I had a multi-tool at Mid-South, but it was in a tool roll hanging off my saddle rails. Fashionable? Yes, but functional? Eh..... Digging out my multi-tool twice convinced me that had I run a Sardine tool off a bottle cage mount I could have saved a bunch of time spent fiddling with a tool roll on the side of the road. 

Lesson learned.

Conclusions: The Sardine tool is a well thought out multi-tool with a unique take that feels good to use. I liked the external mount, but what I did not see coming was how that mount makes the tool more readily available since it is at hand when you need it instead of floating around in a bag. You know at a glance whether or not you have it with you and because of that you are less likely to forget where you put the Sardine. Of course, this is all predicated on the assumption that the mount is secure and stable, which, as far as I can tell, is the case. 

What's not to like? Well, this tool costs $60.00USD, which is a premium price for a tool that carries only five bits. That kind of money can buy a Topeak Mini PT 30, as an example, which has 30 functions, so it might be hard to justify the Sardine based upon that alone. However; the minimalist amongst us might appreciate the Sardine for its ergonomic design, economy of choices, and for its aesthetics. Not to mention the mount, which has its own appeal.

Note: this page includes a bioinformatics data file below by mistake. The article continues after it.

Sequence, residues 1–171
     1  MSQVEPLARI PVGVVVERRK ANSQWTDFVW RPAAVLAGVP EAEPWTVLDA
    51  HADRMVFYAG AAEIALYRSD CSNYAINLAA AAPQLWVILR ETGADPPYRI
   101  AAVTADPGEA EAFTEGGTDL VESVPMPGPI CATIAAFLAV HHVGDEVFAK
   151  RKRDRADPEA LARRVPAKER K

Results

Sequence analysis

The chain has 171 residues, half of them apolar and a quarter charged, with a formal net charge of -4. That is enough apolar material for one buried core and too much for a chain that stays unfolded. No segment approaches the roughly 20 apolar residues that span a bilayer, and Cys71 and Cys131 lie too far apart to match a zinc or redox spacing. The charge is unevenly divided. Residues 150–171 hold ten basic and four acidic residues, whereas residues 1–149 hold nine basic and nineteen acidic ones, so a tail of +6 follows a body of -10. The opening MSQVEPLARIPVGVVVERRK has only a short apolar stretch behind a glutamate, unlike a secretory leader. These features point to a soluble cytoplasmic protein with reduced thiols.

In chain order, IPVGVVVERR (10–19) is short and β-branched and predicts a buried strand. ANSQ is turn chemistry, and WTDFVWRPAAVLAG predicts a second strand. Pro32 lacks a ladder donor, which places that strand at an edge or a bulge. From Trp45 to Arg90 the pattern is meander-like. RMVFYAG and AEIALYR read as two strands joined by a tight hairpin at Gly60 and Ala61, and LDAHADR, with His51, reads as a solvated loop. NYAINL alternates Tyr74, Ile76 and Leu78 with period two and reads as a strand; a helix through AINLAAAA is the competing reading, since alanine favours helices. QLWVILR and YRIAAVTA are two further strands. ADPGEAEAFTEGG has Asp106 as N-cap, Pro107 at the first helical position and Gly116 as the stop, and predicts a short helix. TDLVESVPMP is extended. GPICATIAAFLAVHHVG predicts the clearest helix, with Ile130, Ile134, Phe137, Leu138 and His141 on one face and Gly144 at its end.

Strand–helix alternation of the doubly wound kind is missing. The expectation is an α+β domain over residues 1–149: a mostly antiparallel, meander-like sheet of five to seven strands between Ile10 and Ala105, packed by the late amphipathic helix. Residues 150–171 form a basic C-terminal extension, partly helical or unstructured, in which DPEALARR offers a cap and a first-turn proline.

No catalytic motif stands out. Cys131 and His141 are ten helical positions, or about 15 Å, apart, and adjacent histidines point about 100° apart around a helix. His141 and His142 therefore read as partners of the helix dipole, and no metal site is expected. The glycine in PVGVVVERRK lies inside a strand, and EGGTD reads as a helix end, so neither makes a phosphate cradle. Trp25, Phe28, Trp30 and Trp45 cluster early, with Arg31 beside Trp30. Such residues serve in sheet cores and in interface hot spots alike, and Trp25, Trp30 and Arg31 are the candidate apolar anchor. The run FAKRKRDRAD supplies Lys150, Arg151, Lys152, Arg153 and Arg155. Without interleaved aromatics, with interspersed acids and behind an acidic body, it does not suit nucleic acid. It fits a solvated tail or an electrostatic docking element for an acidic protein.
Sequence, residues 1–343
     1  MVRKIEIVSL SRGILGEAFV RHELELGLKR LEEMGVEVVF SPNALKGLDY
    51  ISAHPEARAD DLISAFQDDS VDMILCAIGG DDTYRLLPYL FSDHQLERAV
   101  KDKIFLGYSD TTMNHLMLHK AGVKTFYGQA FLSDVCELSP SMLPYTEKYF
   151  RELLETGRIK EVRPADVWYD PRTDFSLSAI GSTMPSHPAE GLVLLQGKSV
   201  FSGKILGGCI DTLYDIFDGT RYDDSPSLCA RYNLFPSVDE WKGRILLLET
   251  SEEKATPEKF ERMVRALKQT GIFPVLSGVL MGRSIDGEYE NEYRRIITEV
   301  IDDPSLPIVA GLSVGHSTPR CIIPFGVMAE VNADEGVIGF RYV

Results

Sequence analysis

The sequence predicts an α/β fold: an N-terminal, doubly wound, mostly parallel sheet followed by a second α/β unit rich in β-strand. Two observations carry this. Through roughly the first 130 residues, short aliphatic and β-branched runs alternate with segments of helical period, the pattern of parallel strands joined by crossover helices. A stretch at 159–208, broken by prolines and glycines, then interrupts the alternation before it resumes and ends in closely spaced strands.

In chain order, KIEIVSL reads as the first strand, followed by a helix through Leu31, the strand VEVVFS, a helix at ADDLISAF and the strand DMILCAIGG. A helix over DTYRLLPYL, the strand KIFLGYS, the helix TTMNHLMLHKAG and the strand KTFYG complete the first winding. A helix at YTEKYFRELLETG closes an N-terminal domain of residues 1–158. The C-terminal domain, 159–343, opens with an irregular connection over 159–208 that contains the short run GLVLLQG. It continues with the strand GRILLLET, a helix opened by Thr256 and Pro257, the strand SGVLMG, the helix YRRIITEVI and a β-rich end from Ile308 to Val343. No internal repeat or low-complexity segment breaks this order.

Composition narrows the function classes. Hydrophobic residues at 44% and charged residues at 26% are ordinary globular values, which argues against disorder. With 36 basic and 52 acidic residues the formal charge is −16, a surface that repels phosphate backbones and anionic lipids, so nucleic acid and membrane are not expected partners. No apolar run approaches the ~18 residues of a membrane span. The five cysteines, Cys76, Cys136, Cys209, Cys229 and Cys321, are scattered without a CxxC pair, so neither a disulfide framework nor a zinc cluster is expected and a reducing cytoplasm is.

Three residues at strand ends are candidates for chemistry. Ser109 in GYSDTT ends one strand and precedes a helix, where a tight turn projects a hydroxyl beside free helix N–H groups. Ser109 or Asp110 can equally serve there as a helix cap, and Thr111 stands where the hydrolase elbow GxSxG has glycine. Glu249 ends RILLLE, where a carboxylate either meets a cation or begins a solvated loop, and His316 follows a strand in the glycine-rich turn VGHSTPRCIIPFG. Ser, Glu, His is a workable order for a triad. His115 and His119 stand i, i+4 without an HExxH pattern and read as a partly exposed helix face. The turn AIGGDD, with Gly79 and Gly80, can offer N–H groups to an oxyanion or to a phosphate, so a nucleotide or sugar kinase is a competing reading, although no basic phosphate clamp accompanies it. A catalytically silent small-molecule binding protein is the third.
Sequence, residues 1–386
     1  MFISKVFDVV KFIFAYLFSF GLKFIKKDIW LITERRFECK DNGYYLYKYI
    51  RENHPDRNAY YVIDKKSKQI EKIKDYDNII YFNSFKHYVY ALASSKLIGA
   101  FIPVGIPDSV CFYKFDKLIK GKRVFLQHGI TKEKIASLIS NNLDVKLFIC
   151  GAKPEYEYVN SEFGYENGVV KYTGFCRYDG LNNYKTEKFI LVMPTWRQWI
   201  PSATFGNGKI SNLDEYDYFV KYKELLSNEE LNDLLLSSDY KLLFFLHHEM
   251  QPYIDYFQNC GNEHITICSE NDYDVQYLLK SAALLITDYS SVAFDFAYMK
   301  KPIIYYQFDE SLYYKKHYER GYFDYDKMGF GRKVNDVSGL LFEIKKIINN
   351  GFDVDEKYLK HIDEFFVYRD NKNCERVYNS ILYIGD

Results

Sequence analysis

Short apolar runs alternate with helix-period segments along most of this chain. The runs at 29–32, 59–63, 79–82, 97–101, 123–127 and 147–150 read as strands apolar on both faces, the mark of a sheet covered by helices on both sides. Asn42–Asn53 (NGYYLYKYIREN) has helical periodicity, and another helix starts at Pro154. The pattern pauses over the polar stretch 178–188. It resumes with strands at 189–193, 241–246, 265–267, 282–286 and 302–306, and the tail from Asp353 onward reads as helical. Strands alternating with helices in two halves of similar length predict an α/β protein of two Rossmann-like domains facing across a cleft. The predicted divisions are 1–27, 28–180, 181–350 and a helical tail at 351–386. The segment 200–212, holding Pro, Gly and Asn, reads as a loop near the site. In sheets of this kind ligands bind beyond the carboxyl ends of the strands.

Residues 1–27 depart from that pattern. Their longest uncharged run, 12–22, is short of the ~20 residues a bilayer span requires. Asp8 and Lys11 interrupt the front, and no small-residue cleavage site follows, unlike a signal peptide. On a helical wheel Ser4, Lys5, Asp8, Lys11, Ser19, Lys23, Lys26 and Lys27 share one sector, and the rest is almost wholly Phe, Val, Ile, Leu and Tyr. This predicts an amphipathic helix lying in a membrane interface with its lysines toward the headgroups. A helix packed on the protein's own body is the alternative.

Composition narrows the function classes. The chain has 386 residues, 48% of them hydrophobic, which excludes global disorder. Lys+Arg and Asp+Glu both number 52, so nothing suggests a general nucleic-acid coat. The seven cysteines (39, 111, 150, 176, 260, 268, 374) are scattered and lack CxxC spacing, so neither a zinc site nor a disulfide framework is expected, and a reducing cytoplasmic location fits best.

I like the Sardine as a functional tool that has bits that are easily accessed, easy to use without the other tool bits interfering, and that it has the basic fastener bits most bikes need. Nothing more, nothing less. Oh.....and it looks cool. Yeah...sixty bucks is a lot of cash for this tool, but it isn't without value. It just depends on whether or not you can see that value and whether or not that matters to you. 

The Sardine Tool is also a bit hard to come by, so there is that as well. You can get one HERE if you are interested.


NY Roll said...

we need to chat about the tool on the podcast. I like the tool you let me test, but I do have some ideas for improvement. Could they lengthen the bits by a few mm to get more cleanrance on items?

Guitar Ted said...

@N.Y. Roll - I suppose they could do anything, right? The thing about lengthening the tool bits is, with the current design, the exposed bit sticks even further out and could cause issues with bag storage, or whatever. Plus the cavity in the body would have to be enlarged maybe causing it to be weaker?

That is the limitation of that layout. The rotating bits cannot be too long or things start getting weird.